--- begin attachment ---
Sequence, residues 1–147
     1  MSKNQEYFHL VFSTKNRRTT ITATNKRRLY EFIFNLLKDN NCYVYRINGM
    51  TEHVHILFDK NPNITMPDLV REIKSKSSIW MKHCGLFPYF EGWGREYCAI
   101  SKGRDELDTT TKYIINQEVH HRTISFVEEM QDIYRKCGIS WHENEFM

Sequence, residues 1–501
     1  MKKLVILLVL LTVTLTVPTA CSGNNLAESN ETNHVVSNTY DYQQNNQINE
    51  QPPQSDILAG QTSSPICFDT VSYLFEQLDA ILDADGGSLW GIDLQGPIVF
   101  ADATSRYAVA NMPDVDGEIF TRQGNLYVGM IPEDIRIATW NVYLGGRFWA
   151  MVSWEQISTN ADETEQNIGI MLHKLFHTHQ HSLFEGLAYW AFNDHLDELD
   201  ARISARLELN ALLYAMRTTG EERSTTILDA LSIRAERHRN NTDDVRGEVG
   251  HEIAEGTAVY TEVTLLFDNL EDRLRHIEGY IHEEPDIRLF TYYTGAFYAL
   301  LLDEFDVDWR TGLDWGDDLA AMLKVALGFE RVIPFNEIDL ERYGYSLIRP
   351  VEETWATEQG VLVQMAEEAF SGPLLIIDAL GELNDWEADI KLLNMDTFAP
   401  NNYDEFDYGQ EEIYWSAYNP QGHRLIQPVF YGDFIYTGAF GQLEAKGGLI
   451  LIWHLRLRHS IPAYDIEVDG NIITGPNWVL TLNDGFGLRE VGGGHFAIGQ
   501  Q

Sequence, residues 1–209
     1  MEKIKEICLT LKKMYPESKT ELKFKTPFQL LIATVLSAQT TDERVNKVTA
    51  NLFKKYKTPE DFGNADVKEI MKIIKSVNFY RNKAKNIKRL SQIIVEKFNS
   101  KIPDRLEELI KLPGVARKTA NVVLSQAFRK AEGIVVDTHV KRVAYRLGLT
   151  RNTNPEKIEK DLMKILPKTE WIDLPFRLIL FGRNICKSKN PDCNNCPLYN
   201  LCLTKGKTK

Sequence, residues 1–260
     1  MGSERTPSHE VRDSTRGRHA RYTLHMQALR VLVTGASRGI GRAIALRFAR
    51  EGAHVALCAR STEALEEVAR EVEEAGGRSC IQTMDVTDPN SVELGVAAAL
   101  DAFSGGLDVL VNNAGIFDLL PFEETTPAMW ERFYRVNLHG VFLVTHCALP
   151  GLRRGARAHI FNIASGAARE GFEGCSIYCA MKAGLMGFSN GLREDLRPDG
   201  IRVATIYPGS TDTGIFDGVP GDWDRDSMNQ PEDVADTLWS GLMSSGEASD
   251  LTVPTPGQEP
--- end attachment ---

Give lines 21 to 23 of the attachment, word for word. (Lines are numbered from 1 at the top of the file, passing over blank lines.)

   151  RNTNPEKIEK DLMKILPKTE WIDLPFRLIL FGRNICKSKN PDCNNCPLYN
   201  LCLTKGKTK

Sequence, residues 1–260